Rush Medical College’s fourth-year students couldn’t all be in the same room to find out where they will be headed for residency, but they were all in a matching state of mind.
Wearing identical t-shirts for unity during a virtual Match Day celebration on March 19, they were together in spirit for this momentous occasion, when medical students across the United States simultaneously receive information about their future in medicine. Once the results were emailed by the National Residency Matching Program at 11 a.m.. Rush’s graduating medical students erupted into cheers and tears as they found out where they will be receiving residency training.
“Our students represent the very finest qualities of our profession,” says Elizabeth Baker, MD, MHPE, senior associate dean of undergraduate medical education at Rush Medical College. “They have invested many years of hard work and time, and overcame an incredibly trying year. I couldn’t be prouder of how they persevered.”
“This was a long time coming,” says Rush Medical College student John Ogunkeye, who is set to start a urology residency at Stanford Medicine. “It was definitely a weird year — many of us have matched at places where we’ve never even been — but at the end of the day it’s a dream come true.”
For Ogunkeye and his classmates, Match Day was an emotional milestone during a challenging final year of medical school. Due to the COVID-19 pandemic, the residency recruitment process was limited to virtual meetings, and students weren’t able to take part in clinical rotations away from their medical school. Away rotations allow students to scout potential residency programs.
“There were so many different variables for us,” fourth-year Rush Medical College student Aretha Boakye-Donkor says. “Especially during the residency process. It wasn’t easy making connections with people at various programs on a video call, but I think more and more residency applicants got more comfortable with the virtual process toward the end.”
Match Day Success
The 124 Rush Medical College students in the Class of 2021 matched with residency programs in 21 specialties and six combined programs at 76 institutions across the country. This year’s top specialties include internal medicine (20), emergency medicine (16), pediatrics (12), general surgery (10), and family medicine (10).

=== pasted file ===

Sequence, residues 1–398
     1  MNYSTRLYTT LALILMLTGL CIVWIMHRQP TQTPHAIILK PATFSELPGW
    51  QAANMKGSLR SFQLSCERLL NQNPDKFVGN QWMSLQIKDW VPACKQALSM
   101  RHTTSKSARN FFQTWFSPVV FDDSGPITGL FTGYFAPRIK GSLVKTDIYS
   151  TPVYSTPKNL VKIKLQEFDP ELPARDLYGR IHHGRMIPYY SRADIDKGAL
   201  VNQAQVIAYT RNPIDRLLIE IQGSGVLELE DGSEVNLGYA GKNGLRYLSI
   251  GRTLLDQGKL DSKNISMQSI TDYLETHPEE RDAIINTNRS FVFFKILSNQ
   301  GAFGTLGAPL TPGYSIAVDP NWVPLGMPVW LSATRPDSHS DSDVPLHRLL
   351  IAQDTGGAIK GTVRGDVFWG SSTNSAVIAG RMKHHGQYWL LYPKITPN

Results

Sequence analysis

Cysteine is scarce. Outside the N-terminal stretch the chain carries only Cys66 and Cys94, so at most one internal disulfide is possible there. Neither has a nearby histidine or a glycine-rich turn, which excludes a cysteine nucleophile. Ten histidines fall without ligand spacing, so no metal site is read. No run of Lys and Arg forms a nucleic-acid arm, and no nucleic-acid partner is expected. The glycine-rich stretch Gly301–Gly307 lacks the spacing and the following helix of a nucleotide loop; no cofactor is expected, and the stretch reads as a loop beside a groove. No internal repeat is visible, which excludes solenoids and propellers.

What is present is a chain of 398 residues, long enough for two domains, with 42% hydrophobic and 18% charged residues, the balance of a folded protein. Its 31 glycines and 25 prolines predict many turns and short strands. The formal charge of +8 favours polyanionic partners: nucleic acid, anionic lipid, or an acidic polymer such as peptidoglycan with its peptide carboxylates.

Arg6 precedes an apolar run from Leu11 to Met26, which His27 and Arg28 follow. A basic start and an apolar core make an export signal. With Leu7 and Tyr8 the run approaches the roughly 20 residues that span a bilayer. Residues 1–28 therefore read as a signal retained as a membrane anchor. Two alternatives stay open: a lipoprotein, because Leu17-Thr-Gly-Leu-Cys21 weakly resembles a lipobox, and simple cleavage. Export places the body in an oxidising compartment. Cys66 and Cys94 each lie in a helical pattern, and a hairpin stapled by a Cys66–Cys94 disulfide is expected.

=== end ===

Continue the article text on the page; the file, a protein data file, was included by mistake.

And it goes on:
Twenty Rush Medical College students will continue their training with residencies at Rush University Medical Center and four will train near by at John H. Stroger, Jr. Hospital of Cook County.
“We made every effort to make sure our medical students got the best possible support and mentoring and ensure they were fully prepared to face the circumstances of this past year,” says Joy Sclamberg, MD, senior associate dean of Graduate Medical Education at Rush University.
Rush’s other graduating medical students will train in residency programs at other prestigious institutions, such as Yale, Beth Israel Deaconess, Vanderbilt and Stanford.
About Match Day
Match Day is the culmination of the process of applying and interviewing for residency programs at health care institutions across the country. Once students are done interviewing, they rank their choices in the National Residency Matching Program (NRMP) system, and the residency programs in turn rank their top student picks. The NRMP system then matches students with the residency programs.
Depending on a student’s chosen specialty, a residency will last from three to six years and leads to eligibility for board certification in a medical or surgical specialty. The residency is composed almost entirely of the care of hospitalized or clinic patients with supervision by senior physicians.